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post #1 of 17 Old 05-29-2015, 09:10 PM Thread Starter
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Jku 2015 body lift question

Need some help. I have a 2015 that I have put slightly larger tires on. They were really close to rubbing, so I ordered a 1.25 inch body lift kit. 4 door, automatic. In looking at the instructions, they say there are 12 body mounts. I could only locate 10, 5 per side. I removed the center bolt on one side from all five mounts, tried to jack it up, but the body is still with the frame. I could only find 5 mounts. Sooooo, I looked online, and it described the 6th mount between the gas tank and rear shock. Mine is cut out for that, but there is no bushing, washer, or anything except a blank cutout. I also loosened the other side, no help. I never did get the body to lift so I could replace the bushings. If there are 12 mounts, I could not locate them. Any advice???
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post #2 of 17 Old 05-29-2015, 09:18 PM
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From Teraflex.

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post #3 of 17 Old 05-29-2015, 09:28 PM Thread Starter
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Well this video does show only 10 for the 4 door. 5 per side. Those were the exact ones I removed....and loosened the other side. But when I tried to jack it up to install the spacers, it did not budge. The whole jeep raised. I repositioned both jacks several times to be sure it was on the body only and not just binding. I don't get it...so easy in the video.
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post #4 of 17 Old 05-29-2015, 11:13 PM
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Silly question maybe, but your description didn't really make it clear. Did you loosen the bolts on the off side from the one where you were working? Haven't put a body lift on a JK, but the one I put on a pickup a few years ago said to loosen one side and remove the bolts from the other. That gives you enough movement to get the spacers in. That was a 3" though, so maybe you wouldn't have to for a 1.5". But if you didn't have them loose the first time, it would be worth a shot to try that.

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post #5 of 17 Old 05-30-2015, 05:41 AM
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The early JK's had 2 extra body mounts. I was wondering the same thing when I got mine as well.
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post #6 of 17 Old 05-30-2015, 06:38 AM
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Honestly I would not do a body lift at all. 1.25 is not much and could be achieved for less with a budget suspension lift.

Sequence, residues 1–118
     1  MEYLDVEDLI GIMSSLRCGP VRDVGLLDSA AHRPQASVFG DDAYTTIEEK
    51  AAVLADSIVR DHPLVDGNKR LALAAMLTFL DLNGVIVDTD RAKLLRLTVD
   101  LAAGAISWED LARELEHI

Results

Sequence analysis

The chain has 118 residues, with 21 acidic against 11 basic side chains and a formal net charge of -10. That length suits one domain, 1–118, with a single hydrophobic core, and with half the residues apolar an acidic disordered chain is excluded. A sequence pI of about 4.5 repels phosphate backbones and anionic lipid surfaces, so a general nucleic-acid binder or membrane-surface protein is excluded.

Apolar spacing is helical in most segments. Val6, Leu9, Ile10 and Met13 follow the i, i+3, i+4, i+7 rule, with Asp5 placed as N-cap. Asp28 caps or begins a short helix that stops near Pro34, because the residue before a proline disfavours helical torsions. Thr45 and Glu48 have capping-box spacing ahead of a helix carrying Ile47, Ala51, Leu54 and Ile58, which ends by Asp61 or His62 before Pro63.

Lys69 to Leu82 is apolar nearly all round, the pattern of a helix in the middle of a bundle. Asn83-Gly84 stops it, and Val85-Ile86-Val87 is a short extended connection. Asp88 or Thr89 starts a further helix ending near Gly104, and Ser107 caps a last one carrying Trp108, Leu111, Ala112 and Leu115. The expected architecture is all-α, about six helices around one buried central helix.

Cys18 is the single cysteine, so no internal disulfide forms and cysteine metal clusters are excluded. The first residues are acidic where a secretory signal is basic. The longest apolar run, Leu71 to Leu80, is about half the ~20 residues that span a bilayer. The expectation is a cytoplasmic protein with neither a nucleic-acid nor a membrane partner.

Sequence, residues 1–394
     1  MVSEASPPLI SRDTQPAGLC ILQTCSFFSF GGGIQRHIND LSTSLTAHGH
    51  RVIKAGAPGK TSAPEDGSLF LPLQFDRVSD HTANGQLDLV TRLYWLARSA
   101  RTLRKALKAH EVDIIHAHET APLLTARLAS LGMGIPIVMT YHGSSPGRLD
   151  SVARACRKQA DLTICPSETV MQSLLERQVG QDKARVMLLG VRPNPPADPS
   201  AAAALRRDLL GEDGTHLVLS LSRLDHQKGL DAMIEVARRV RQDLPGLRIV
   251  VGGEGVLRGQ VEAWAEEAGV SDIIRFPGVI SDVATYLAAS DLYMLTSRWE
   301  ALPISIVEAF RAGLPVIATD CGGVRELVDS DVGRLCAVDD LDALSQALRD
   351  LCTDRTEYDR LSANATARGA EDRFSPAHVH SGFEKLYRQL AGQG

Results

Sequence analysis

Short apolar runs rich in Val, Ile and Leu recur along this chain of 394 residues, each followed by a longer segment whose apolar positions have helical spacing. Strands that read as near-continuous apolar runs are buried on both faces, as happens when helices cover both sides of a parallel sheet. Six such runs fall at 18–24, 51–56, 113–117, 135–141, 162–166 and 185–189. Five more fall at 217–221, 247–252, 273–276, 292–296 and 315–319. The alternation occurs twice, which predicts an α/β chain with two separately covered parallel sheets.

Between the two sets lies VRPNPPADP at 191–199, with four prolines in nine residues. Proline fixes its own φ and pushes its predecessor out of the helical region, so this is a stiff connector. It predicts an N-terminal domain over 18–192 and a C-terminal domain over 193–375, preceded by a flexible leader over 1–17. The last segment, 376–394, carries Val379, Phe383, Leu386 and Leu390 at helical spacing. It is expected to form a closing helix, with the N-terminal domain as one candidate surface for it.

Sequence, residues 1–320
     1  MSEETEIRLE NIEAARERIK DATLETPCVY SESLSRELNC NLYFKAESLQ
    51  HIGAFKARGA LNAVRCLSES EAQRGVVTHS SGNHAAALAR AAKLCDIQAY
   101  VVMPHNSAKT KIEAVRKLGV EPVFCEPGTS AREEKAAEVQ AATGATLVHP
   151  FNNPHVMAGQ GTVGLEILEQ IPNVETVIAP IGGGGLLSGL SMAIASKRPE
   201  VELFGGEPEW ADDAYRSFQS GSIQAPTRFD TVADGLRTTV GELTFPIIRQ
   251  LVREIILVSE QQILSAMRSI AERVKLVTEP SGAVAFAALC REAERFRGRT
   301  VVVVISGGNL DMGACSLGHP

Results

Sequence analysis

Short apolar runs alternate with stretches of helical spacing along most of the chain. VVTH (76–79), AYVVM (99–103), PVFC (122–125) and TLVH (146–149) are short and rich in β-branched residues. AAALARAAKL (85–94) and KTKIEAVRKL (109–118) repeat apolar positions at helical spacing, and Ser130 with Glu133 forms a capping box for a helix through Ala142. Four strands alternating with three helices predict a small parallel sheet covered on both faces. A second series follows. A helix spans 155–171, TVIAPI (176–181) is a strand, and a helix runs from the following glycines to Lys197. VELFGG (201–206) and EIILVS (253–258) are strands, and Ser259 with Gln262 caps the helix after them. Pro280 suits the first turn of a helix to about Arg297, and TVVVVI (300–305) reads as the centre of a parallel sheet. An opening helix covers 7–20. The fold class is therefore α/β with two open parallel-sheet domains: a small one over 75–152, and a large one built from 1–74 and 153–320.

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post #7 of 17 Old 05-30-2015, 07:19 AM
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Sure, a suspension lift is better but there is nothing wrong with a small body lift. You will also keep your stock steering geometry which is a good thing
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post #8 of 17 Old 05-30-2015, 07:41 AM
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Quote:
Originally Posted by Mtljeep View Post
Sure, a suspension lift is better but there is nothing wrong with a small body lift. You will also keep your stock steering geometry which is a good thing
Not saying there is anything "wrong" with the body lift but there is a lot more involved when doing one. Exhaust will appear to hang low unless you adjust the hangers. Bumpers will appear to be low as well unless you install relocation brackets. Gap will appear between body and frame unless you add rocker armor, which honestly is not a bad thing. Keep in mind, some rocker armor might not fit properly if you have a body lift.

These are just a few things that came up in a minute or so of thinking about it and I am sure there's more to consider when installing a body lift.

With a 1.25" lift, the steering geometry is not affected. The ride would be the same as stock, handling would be the same and you wont have any of the above mentioned items to consider. Plus, you said it yourself....suspension lift is better.


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post #9 of 17 Old 05-30-2015, 10:34 AM
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I am running 37" tires with a 3" lift, flat fenders and a 1" body lift. Works great for me and keeps the geometry within reasonable tolerances and center of gravity lower than a 4" lift since the frame, engine, transmission is only at 3".

I painted the panel below the tailgate matte black and got rid of the stock muffler. Looks fine and works great.

There's alot of people bashing body lifts however there are benefits.